An interview with the artist Hassan Khan, Cairo – written for and published by Local Folk, Athens

‘Cairo is a dense intense megalopolis where things have to occur even if they do not i.e. the city’s size and impetus means that some kind of proposition is always being put forward, even if it is not necessarily framed or recognised as such – a look or a glance or a way of speaking – the way vernacular architecture and design sprout out – the way aggression is sublimated- are all propositions, ideas, these become latent  radical postures which are not necessarily self-conscious.’

‘Expression is always contained within the discourse that provides it with its context- saying expression is free somewhere and not somewhere else is in my opinion a fallacy; we function within different contexts that inform what is expressed and how it is received which is just part of the specificity of that context. I do not necessarily want to function under the paradigm of ‘freedom’ or the ‘metaphor of liberation’- I prefer to see myself working in a constant process of negotiation… Art or the space of Art functions as a highly ambiguous area where certain ideas and forms are being put forth. The intellectual atmosphere in Cairo is (and this has both positive and negative sides to it) highly charged and politicized… a long tradition of interpretation has placed a premium on meaning (in a limited form) and therefore has invested in an atmosphere of paranoia and general national insecurity. Accusations fly against anything that seems to not fit within a certain norm. On the other hand work is taken seriously (if even as a threat), content is dealt with as intentional and laden with meaning. It is a context where positive engagements can take place but it is also a space that can be both frustrating and demanding.’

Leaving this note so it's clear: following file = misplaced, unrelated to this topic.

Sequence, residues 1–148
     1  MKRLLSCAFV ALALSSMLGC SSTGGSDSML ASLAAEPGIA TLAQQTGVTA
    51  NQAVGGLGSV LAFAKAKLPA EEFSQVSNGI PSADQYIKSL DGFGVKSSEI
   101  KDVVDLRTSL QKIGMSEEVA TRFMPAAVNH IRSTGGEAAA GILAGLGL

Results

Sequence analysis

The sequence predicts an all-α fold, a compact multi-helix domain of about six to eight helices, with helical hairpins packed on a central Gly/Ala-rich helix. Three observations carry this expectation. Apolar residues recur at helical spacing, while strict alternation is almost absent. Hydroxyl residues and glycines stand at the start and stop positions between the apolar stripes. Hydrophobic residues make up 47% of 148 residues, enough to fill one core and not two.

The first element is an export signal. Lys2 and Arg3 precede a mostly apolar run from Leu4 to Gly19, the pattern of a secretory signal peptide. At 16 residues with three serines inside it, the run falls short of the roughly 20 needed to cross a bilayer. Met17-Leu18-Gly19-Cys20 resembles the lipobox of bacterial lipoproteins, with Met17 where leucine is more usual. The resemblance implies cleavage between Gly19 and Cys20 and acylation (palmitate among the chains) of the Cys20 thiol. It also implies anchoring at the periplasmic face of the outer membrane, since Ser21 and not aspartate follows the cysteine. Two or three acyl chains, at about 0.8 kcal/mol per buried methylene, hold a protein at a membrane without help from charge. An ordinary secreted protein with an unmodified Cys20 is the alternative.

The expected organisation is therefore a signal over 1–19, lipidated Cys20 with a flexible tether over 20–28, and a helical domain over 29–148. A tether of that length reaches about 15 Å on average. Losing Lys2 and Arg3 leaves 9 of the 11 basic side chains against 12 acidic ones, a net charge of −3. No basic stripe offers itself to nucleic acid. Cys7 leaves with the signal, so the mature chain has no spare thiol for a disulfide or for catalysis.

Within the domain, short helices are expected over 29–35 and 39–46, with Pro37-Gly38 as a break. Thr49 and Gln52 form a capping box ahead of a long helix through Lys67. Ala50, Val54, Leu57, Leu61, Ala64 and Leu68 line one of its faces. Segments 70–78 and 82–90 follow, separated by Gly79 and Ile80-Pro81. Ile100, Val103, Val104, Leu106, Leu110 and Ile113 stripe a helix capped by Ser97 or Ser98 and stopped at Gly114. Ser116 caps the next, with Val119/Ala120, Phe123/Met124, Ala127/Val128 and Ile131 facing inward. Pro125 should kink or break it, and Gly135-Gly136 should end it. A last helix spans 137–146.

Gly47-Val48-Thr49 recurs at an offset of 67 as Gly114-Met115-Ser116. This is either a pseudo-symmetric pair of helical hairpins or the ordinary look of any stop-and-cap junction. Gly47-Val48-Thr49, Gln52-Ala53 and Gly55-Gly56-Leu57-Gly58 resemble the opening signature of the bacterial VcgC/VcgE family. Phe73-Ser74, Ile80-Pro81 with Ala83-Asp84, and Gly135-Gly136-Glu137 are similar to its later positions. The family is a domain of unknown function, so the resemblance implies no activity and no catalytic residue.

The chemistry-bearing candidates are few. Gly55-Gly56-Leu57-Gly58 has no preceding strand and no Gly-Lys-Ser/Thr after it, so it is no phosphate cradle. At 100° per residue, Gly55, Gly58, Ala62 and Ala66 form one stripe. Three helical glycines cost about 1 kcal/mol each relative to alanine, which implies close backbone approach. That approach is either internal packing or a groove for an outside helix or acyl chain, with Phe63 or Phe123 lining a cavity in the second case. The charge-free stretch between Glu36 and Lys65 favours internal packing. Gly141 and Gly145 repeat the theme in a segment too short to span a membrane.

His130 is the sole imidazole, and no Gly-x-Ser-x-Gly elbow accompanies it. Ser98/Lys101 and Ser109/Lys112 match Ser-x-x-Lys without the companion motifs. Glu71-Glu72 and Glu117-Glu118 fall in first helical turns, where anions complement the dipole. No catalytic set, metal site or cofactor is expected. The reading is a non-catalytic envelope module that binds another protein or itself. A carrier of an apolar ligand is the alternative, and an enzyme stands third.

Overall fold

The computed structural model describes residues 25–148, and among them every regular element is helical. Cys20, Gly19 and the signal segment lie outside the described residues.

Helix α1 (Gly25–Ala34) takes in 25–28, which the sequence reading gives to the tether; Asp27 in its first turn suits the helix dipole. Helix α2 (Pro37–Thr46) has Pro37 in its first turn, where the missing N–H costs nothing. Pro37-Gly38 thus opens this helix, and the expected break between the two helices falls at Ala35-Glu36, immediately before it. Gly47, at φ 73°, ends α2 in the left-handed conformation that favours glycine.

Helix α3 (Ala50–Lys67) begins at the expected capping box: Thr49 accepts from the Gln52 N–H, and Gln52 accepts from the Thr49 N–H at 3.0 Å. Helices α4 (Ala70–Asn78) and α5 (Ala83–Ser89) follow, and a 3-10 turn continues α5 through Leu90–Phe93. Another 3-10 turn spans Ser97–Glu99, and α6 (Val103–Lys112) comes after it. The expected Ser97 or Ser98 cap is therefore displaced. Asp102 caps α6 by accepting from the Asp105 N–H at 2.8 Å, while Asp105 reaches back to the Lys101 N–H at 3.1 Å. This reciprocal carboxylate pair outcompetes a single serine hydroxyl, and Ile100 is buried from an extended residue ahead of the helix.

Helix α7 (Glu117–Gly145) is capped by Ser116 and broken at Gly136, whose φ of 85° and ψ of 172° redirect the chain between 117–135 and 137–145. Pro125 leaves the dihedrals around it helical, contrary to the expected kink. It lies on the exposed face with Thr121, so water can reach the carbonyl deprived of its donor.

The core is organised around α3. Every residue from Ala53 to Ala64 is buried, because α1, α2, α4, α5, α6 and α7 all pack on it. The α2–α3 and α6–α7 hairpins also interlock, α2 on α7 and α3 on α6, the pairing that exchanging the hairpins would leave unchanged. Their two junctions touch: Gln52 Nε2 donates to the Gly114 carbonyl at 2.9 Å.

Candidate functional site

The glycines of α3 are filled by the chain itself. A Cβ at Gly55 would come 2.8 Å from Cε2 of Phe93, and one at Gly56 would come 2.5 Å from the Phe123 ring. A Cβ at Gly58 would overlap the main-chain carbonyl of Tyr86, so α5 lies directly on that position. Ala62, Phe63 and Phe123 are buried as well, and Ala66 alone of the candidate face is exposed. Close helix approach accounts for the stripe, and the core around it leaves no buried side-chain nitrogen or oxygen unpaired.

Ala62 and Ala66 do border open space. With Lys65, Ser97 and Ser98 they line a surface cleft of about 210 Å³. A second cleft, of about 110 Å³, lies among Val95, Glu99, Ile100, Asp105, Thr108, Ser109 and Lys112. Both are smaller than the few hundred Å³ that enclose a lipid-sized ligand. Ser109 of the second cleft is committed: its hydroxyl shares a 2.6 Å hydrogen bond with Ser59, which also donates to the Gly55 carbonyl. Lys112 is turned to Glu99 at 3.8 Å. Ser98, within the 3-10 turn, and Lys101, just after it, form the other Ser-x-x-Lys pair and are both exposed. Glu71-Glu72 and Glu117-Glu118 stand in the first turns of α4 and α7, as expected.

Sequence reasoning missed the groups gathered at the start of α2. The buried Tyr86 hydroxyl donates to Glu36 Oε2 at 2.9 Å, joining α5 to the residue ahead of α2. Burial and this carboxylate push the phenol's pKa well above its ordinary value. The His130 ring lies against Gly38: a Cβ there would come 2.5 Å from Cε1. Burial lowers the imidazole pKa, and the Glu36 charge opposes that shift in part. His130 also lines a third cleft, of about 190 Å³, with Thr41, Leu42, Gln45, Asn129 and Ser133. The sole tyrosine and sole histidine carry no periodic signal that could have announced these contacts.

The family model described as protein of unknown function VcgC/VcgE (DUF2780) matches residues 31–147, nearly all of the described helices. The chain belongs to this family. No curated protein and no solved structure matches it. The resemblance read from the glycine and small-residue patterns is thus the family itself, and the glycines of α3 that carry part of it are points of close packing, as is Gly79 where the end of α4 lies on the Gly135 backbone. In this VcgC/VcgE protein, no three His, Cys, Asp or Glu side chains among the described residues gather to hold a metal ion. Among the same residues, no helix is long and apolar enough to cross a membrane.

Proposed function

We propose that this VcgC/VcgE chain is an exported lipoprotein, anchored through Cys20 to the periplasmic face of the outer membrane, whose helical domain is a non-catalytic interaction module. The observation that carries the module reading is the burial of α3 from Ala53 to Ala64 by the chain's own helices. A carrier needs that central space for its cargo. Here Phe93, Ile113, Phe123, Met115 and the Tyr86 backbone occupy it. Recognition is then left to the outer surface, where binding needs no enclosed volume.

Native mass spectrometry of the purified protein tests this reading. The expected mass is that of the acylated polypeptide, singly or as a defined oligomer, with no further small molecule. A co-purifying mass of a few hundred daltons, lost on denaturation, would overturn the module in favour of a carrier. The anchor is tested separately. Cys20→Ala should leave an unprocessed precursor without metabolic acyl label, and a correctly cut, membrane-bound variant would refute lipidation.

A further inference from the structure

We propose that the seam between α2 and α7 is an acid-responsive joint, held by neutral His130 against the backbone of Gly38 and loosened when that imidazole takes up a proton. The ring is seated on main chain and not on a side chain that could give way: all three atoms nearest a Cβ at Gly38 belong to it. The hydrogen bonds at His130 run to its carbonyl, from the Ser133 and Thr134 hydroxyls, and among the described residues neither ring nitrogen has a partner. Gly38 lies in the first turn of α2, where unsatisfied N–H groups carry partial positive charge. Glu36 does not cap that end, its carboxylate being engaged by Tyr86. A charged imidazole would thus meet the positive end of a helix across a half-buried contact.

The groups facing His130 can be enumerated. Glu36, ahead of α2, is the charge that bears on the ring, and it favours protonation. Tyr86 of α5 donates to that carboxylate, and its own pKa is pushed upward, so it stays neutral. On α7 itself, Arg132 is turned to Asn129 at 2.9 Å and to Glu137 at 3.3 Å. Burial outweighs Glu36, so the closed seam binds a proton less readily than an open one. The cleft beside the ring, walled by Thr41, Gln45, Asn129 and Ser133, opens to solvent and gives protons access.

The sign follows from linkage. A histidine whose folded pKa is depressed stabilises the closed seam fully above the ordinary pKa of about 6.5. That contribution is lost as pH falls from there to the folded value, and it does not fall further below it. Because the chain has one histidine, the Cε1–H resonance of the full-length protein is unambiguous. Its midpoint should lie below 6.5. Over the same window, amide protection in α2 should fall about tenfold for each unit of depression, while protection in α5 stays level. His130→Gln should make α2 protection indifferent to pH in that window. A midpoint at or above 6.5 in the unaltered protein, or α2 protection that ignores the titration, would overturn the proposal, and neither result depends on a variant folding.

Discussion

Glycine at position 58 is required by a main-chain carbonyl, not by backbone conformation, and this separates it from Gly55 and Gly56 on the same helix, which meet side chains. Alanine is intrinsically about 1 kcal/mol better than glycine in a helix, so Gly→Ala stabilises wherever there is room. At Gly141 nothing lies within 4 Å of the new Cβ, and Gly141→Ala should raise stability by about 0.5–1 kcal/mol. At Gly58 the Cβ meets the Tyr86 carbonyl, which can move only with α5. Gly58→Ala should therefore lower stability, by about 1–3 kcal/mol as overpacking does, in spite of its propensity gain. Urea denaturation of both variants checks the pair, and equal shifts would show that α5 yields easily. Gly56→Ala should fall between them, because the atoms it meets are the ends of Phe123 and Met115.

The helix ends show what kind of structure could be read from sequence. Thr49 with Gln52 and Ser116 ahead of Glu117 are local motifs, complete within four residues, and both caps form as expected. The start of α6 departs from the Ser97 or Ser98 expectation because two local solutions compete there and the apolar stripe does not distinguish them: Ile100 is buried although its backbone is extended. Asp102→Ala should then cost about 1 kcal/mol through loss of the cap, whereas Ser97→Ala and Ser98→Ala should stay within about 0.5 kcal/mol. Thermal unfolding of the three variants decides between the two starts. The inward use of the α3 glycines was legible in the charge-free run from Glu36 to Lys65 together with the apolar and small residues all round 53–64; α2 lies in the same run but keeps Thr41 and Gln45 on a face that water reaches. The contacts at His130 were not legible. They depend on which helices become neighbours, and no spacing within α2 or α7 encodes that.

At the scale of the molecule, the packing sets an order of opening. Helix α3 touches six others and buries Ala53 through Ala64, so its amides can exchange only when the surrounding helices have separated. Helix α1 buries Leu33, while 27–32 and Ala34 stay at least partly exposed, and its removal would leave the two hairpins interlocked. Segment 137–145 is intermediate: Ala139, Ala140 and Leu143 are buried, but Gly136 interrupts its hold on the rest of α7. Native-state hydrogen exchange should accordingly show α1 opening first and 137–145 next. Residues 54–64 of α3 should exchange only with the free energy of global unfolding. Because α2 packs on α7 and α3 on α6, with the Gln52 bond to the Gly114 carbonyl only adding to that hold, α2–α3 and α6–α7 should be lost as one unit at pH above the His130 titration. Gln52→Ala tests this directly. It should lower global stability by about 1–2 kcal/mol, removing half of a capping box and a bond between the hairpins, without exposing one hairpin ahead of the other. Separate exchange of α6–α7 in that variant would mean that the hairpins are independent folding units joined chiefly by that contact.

‘The Cairene street is a highly charged place where the city manifests its tensions on a daily basis, it’s powerful, intimidating, exhilarating and tedious all at the same time. The music that for me most represents that street is Shaabi music, a genre that appeared as an independent entity in the 70s as a form of urban music –this is a music that possesses a nominal relation to earlier traditional folk forms but bastardizes them with all sorts of attitude.. although singers and musicians within this genre serve specific social functions like entertaining in street weddings or singing in nightclubs, their form continuously develops by sucking in different influences (that could be historical, external etc..) and reflects upon specific social phenomena.’